Carbon Emissions Emerge as a Factor that Explains Returns
Quantitative finance is built on the premise that exposure to factors such as value/growth, market capitalization, momentum and profitability/quality explain the variation of performance of diversified portfolios. New research shows that carbon dioxide emissions represent a new factor.
The evidence of rising temperatures and the renewed policy efforts to curb carbon dioxide (CO2) emissions raises the question of whether carbon emissions represent a material risk today for investors that is reflected in the cross-section of stock returns and portfolio holdings.
Three hypotheses have been offered for the existence of a carbon-emission factor:
One hypothesis is that investors seek compensation for holding the stocks of disproportionately high CO2 emitters and the associated higher carbon risk they expose themselves to, giving rise to a positive relation in the cross section between a firm’s own CO2 emissions and its stock returns. An alternative hypothesis is that markets are inefficient, underpricing carbon risks. Yet a third hypothesis is that stocks of firms with high emissions are like other sin stocks – they are shunned by socially responsible or ethical investors to such an extent that the spurned firms present higher stock returns.
In their 2020 study, “Do Investors Care about Carbon Risk?,” Patrick Bolton and Marcin Kacperczyk found:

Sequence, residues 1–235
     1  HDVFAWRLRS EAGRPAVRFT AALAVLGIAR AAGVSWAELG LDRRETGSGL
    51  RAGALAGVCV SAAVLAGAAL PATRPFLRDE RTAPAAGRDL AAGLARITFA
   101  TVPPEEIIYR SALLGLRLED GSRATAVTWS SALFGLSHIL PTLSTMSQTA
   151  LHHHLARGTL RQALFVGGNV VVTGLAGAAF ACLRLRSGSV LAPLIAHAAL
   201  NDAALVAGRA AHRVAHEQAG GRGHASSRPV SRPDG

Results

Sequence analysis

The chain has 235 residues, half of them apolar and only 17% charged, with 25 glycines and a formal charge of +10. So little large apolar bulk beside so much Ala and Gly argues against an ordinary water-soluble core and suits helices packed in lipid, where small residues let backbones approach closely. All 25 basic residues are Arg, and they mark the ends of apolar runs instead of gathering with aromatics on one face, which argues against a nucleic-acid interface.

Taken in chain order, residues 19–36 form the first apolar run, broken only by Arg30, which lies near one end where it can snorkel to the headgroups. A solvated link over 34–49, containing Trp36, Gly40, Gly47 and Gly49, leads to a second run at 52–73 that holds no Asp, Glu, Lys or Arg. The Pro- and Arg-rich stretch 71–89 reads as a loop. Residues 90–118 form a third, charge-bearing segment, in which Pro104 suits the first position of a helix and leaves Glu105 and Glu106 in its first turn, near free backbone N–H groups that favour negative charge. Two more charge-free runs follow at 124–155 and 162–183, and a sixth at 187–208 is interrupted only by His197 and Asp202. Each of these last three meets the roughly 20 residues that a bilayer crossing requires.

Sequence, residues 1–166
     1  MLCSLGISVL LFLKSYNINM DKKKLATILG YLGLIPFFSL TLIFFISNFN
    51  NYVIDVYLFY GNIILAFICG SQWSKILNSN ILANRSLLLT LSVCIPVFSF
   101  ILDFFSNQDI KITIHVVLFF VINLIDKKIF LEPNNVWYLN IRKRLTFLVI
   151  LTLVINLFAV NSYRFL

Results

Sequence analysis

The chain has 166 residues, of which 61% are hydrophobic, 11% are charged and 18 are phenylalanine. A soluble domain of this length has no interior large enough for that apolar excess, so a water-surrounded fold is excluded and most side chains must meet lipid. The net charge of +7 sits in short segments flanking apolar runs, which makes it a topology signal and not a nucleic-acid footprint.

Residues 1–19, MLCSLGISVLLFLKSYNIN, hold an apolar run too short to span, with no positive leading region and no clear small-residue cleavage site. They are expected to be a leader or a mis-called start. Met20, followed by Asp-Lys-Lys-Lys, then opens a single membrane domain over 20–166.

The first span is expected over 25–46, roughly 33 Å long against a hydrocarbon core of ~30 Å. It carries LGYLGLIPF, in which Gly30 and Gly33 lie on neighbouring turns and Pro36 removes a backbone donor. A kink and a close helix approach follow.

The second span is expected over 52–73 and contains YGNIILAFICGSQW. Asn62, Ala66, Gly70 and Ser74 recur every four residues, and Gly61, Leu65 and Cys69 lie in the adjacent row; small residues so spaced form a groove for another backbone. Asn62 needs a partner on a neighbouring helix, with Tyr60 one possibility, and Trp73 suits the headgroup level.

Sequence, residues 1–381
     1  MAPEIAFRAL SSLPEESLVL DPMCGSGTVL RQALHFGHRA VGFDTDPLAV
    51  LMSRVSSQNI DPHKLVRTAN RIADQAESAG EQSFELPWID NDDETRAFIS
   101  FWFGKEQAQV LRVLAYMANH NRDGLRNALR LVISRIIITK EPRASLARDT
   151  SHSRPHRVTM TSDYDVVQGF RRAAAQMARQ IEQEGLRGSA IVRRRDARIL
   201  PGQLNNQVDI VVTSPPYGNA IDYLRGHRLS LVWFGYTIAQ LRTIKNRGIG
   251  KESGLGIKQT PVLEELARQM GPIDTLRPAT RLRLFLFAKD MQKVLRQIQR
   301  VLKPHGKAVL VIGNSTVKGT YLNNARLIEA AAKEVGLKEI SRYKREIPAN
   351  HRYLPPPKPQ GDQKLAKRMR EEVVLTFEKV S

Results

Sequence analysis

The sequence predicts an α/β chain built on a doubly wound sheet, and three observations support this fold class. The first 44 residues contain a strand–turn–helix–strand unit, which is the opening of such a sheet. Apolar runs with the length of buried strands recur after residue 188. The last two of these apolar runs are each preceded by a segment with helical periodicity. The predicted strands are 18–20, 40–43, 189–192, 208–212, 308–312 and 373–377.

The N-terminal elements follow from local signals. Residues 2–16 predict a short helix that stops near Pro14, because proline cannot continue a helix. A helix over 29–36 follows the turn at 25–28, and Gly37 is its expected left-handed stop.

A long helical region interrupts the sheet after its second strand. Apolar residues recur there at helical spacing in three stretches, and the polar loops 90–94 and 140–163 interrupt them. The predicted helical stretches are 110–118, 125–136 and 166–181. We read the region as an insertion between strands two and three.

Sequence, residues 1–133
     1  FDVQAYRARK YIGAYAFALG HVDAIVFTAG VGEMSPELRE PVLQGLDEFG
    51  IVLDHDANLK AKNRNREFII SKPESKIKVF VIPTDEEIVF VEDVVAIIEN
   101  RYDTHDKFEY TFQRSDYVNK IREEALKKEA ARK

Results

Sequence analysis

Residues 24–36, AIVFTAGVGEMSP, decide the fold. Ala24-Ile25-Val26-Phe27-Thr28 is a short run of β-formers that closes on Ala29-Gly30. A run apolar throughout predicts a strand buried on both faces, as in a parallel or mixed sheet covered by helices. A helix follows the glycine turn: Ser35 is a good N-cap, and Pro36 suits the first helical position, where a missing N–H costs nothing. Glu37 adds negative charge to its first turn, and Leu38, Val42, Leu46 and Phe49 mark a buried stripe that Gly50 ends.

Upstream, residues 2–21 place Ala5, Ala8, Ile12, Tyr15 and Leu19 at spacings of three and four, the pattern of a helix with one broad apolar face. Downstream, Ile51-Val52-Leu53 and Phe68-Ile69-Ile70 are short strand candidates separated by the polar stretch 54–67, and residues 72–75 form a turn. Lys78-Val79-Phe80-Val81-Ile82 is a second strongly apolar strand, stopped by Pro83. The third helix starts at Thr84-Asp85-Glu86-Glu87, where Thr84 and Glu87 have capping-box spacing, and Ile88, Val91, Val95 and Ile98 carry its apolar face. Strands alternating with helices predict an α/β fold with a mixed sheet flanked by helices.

- Stocks of firms with higher total CO2 emissions (and changes in emissions) earned higher returns after controlling for the common factors of size, book-to-market and momentum, and other factors (such as low beta and liquidity) and anomalies (such as idiosyncratic volatility and net stock issuance) that predict returns.
- There was also a significant carbon premium associated with the year-to-year growth in emissions – companies that succeed in reducing their emissions can afford to offer lower stock returns, but companies that keep on burning more and more fossil fuels must resign themselves to offering higher returns.
- The carbon premium is economically significant: A one-standard-deviation (SD) increase in the level and change of scope 1 emissions leads to a 1.8% and 3.1% increase, respectively, in annualized stock returns. A one SD increase in the level and change of scope 2 emissions leads to a 2.9% and 2.2% increase in annualized returns. And a one SD increase in the level and change of scope 3 emissions increases stock returns 4.0% and 3.8% on an annualized basis.
- The carbon premium cannot be explained through differences in unexpected profitability or other known risk factors.
Their findings led them to conclude: “Our results are consistent with an interpretation that investors are already demanding compensation for their exposure to carbon emission risk.” Bolton and Kacperczyk’s findings of a carbon risk premium are consistent with economic theory (that risk and expected return are related) and efficient markets.